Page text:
Tag Archives: women

Strange Folklore from Ontario –BIRTH AND CHILDHOOD

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Strange Folklore from Ontario –BIRTH AND CHILDHOOD

Canadian Folk-Lore from Ontario. 25 

BIRTH AND CHILDHOOD. 

336. It is popularly believed that a child may be affected prenatally 

in various ways. Hand-like discolorations in infants, for instance, 

are attributed to blows received by the mother. Even the sight of 

unpleasant objects are supposed to produce similar effects. One woman 

was frightened at a mouse, in consequence of which her child exhibited 

a mouse-like excrescence. Another was frightened by a rabbit, upon 

the child was born with a hare-lip. 

337. Children may also be afflicted with various cravings as a result 

of such influences. A certain woman had an abnormal desire for an 

alcoholic beverage, which was denied to her by her husband. As a 

consequence the child had a similar craving. The same idea is held 

with regard to various foods. In such cases, if the woman’s appetites 

or desires be satisfied, the child will not be injuriously affected. 

338. A baby should have a fall before it is six months old if it is to 

have good sense. (An Ottawa informant.) 

339. A gift of some kind should be placed in the hand of a newly- 

born child the first time you see it. This is for luck. Any sort of 

trinket will do. (An Irish woman living in Toronto.) 

340. The first house an infant is taken to will have a birth in it 

within a year. 

341. To kiss a newly-born baby brings good luck. 

342. A baby must not see itself in a glass, or it will be vain.  

343. If a child is born with a tooth, it will be hanged,  

344. If its mother carries it in her arms the first time she walks in 

the open air after its birth, it will never take a serious cold.  

345. The first house its mother enters with it in her arms will be 

sure to receive a similar blessing (i.e., have a baby, too) during the 

year. 

346. To take a newly-born babe into the topmost room of the house, 

then into the basement, and then into every room in the house, is 

lucky.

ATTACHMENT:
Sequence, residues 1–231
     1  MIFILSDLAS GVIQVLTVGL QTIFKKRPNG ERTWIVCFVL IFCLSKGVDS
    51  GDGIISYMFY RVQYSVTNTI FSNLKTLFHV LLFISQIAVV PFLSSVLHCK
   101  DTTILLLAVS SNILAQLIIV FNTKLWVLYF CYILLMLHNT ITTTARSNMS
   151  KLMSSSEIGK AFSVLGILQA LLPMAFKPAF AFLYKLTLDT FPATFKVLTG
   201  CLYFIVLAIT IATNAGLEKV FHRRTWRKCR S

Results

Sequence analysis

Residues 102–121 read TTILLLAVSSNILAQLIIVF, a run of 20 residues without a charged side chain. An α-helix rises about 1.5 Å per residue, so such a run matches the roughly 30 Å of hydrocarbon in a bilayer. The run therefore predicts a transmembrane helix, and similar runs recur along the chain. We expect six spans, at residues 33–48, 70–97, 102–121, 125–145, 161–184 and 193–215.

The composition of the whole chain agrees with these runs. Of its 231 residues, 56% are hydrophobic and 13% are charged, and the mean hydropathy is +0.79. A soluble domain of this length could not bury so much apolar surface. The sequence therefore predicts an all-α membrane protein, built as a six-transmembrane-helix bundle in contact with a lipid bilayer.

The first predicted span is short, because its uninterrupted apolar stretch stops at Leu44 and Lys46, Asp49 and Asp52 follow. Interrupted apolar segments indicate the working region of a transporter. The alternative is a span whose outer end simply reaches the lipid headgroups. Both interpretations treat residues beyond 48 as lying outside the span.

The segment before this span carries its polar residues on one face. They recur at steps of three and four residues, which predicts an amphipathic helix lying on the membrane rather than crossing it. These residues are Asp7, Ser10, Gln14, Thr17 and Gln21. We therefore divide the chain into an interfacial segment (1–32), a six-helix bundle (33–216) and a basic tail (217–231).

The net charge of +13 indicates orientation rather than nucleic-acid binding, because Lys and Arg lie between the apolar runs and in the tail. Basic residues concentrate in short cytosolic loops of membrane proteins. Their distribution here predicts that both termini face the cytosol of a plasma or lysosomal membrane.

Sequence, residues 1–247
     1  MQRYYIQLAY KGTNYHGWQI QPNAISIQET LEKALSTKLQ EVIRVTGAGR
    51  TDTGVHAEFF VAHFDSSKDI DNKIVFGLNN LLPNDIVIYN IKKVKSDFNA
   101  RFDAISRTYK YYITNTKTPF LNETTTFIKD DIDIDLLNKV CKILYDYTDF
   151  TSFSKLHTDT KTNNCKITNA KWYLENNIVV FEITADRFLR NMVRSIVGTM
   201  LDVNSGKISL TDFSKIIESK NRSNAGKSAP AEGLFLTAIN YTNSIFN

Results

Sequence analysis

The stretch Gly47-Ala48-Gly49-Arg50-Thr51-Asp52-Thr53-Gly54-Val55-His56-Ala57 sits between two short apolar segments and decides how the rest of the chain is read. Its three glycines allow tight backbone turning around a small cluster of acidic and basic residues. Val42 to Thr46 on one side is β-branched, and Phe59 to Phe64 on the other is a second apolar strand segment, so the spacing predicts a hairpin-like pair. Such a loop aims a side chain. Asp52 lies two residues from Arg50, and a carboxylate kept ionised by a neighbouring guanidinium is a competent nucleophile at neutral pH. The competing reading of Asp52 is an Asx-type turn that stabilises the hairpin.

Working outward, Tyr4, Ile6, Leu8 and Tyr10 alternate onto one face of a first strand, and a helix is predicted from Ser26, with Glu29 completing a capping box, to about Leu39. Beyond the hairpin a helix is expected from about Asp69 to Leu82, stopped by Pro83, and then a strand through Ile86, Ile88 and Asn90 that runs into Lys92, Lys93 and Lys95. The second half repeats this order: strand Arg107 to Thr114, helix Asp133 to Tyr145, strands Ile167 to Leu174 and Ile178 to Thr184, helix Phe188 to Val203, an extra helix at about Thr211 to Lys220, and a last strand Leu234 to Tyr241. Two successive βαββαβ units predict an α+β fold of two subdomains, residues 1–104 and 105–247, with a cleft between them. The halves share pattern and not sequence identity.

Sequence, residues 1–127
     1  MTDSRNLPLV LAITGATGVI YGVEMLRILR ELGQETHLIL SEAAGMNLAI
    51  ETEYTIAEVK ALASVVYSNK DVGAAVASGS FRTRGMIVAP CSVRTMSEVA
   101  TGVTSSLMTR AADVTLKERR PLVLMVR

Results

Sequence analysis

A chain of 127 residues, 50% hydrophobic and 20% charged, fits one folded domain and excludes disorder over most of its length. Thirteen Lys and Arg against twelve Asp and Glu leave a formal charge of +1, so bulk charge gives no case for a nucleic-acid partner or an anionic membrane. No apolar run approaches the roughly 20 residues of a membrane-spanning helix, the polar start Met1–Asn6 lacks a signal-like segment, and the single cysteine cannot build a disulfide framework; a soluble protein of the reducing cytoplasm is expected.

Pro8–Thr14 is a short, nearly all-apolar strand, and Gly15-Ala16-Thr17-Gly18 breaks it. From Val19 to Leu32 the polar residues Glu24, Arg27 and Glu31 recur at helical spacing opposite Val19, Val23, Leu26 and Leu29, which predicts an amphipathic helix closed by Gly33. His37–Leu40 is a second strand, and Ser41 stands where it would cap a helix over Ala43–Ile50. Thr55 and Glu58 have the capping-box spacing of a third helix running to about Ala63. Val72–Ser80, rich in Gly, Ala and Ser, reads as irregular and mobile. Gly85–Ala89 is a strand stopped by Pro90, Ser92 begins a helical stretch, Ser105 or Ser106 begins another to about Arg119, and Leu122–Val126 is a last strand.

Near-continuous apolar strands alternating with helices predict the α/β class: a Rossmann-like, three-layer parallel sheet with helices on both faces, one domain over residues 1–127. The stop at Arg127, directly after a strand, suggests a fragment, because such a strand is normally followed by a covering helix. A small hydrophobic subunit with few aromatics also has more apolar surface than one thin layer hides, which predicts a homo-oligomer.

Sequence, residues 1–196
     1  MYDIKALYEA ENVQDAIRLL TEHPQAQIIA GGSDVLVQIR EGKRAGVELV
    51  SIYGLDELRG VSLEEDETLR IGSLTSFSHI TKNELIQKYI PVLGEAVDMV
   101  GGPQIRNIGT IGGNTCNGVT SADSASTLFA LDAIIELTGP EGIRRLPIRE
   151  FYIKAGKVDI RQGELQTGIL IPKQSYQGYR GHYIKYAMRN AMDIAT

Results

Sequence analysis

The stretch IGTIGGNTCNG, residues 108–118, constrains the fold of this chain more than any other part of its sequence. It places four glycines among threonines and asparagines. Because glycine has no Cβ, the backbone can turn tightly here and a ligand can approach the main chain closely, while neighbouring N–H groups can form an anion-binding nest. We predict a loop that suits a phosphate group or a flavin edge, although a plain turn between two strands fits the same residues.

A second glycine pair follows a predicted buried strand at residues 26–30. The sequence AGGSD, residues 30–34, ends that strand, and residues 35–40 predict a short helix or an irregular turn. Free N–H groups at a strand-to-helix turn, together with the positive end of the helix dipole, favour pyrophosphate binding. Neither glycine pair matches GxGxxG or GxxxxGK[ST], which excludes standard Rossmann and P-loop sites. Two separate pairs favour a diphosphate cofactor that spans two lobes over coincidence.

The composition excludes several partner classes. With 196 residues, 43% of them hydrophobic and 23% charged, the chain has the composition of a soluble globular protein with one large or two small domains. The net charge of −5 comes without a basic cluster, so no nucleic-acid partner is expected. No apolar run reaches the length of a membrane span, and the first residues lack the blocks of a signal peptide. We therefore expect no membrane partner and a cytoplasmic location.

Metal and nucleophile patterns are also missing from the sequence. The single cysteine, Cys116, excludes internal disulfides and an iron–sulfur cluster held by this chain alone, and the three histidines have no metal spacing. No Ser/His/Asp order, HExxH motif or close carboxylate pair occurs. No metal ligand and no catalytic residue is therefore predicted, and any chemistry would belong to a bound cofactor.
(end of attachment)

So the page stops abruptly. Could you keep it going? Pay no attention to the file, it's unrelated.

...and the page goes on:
347. It is unlucky to name a baby after a dead person. The child, 

it is said, will die very young. 

348. If a child has two crowns on its head, it will live in two king- 

doms. 

349. If it is born with a “veil” covering the face, it will be gifted 

with “second sight.” 

Did You Know About Dr. Barnardo’s Baby’s Castle? British Home Children — Home Boys

Thomas Sloan Inventor Baby-Walker Carleton Place

Does Anyone Want to Adopt a Baby? 1900s

The Reed Baby Carriage

Laundry Babies – Black Market Baby BMH 5-7-66

Babies in the Textile Mills

Updates–What Happened to the Cardwell Orphans?

The Children of Ross Dhu Part 2 Hilda Martin

Who Won the Baby Contest in 1889?

You must have been a Beautiful Baby–Lanark County Family Names

The Children of Ross Dhu –Evacuation to Canada

The War Children that Tried to Come to Canada–SS City of Benares

The Hart Children of Lanark — Laurie Yuill

 

Miss Almonte 1975

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Miss Almonte 1975

As over 700 people looked on, Sunday August 3 rd, 18-year-old Dianne Vaughan was crowned “Miss Almonte 1975” . Dianne, who is the daughter of Mr. and Mrs. Michael Vaughan, was chosen from eleven other contestants in the pageant which kicked off the week-long celebrations of Almonte ’75 “Old Home Week “. Blonde haired and blue eyed, Dianne is working this summer as a playground supervisor in Almonte and will be returning to Almonte High School as a grade thirteen student in September. The competition, which was held in the arena, was emceed by Shelley Emmond of CFRA Radio who did an excellent job despite problems with the sound system .